[ASC-media] Media release: the Christmas Curse

JCA Media jca.media at starclass.com.au
Mon Dec 11 13:11:45 CET 2006


Cooperative Research Centre for Australian Weed Management

Media Release 06/16

December 12, 2006


BEWARE THE CHRISTMAS CURSE


The holly and the ivy when they are both well grown, 
Can gobble up Australia, the land we call our own.

Many plants sentimentally associated with Christmas are in fact a threat to the native Australian landscape, warns Dr Rachel McFadyen, Chief Executive of the Cooperative Research Centre for Australian Weed Management.

"We're so used to thinking of Christmas in terms of its Northern Hemisphere symbols - holly, ivy, pine trees, mistletoe and the like - that we sometimes forget the havoc these plants can create in our native bush," says Dr McFadyen.

All four of the so-called Christmas symbols are in fact listed as weeds in many Australian environments.
 
Dr McFadyen says that both holly and ivy are recognised as weeds in Australia, and pine trees (Pinus radiata) are increasingly seen as a significant environmental weed with damaging effects on native plants and animals.

"Holly (Ilex aquifolium) is a pest when it becomes established in native woodland," says Dr McFadyen. "It is mainly spread by seed, as birds like the familiar red berries (which are poisonous to humans). It has invaded forests in Tasmania, Victoria, NSW, and South Australia.

"English ivy (Hedera helix) can escape into gullies and bushland," she says. "Ivy is a very vigorous grower and strangles other plants. It is commonly spread by berry eaters such as blackbirds and currawongs, and also through cuttings and garden refuse. ."

"How much better to use Australian native plants for our Australian Christmas decorations," she says.

Dr McFadyen says that there are native plants with Christmas associations which are very suitable for celebrating a truly Australian Christmas.

"Using native plants as Christmas decorations was popular last century and is a custom we need to revive for the sake of our environment," says Dr McFadyen. 

"There are several species which became locally known as 'Christmas Bush' or 'Christmas Bells'. In New South Wales and Queensland there are several varieties of Christmas Bells (Blandfordia), a type of lily, which have beautiful bell-shaped flowers in the summer, deep red with golden tips.

"Also in New South Wales is a well-known Christmas Bush (Ceratopetalum) which in summer has contrasting green leaves and bright red calyxes which follow the spring flowers. In Victoria, the name Christmas Bush is given to a flowering shrub (Prostanthera) which also grows in Queensland, New South Wales and Tasmania. In South Australia, the prickly flowering Bursaria spinosa is known as Christmas Bush, and the flowers and fruits are much used in flower arrangement.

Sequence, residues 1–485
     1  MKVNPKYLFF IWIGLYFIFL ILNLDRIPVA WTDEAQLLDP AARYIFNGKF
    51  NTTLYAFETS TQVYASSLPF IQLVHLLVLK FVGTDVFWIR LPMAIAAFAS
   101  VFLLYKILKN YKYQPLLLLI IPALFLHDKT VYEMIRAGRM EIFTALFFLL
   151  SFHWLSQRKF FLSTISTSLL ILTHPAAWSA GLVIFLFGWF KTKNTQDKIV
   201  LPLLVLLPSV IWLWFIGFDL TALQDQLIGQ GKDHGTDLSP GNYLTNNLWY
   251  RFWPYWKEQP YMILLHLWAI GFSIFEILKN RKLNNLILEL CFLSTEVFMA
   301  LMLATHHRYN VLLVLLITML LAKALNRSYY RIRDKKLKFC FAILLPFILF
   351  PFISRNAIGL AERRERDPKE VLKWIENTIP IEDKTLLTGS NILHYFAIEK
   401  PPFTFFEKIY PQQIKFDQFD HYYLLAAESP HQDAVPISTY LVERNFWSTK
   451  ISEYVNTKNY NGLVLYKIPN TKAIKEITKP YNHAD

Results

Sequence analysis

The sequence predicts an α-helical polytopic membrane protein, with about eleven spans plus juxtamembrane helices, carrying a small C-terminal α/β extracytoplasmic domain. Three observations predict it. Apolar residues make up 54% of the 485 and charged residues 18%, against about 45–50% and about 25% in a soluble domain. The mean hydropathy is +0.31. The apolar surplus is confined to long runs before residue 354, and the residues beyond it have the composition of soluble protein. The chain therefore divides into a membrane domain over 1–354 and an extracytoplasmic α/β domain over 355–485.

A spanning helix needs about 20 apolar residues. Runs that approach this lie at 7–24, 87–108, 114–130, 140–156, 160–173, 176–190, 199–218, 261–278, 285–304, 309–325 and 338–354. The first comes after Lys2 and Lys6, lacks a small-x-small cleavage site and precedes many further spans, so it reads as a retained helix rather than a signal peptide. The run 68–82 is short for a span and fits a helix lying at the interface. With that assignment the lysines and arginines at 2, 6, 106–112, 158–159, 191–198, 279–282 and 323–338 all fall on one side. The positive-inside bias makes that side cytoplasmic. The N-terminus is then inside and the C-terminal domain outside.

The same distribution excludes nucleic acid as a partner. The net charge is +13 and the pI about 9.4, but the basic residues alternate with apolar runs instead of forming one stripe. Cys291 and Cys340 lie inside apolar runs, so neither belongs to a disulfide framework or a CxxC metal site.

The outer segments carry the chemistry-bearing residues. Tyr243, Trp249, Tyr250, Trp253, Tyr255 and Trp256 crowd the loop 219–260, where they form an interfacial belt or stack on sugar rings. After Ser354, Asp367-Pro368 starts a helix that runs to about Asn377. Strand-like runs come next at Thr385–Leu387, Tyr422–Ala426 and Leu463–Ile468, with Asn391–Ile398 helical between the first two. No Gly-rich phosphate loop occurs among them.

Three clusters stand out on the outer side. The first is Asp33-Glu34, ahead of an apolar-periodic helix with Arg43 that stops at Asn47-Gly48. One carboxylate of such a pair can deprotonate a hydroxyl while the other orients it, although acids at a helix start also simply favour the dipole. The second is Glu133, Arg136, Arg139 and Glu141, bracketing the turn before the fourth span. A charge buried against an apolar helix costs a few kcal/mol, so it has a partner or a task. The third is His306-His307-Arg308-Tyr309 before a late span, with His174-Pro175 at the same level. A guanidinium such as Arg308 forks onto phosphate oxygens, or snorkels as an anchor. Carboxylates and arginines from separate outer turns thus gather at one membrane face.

"Queensland also has its Christmas Orchid," says Dr McFadyen, "and in Western Australia is the handsome golden Christmas tree (Nuytsia floribunda)."

The Wollemi Pine (Wollemia nobilis) is another new Xmas tree possibility, with its attractive foliage and compact shape. Brought back from the brink of extinction following its discovery in a remote Blue Mountains valley in 1994, this ancient species is now available commercially.

But care should be taken even when planting Australian natives. Dr McFadyen warns that any plant taken out of its natural surroundings has the potential to become 'weedy' in another setting, especially so in Australia where native plants have evolved independently to thrive in their own particular environments, separated by desert, distance and climate.

"We are blessed with a wonderful range of biodiversity," says Dr McFadyen. "The best way in which we can appreciate this is by observing it in its natural state - and by not introducing more potential invaders."


More information from:
Dr Rachel McFadyen, Weeds CRC, 0409 263 817
Peter Martin, Weeds CRC, 08 8303 6693, 0429 830 366
www.weeds.crc.org.au

Images to accompany this release are available from Rita Reitano at: 
08 8303 6857 or 0419 184 153
rita.reitano at adelaide.edu.au


 






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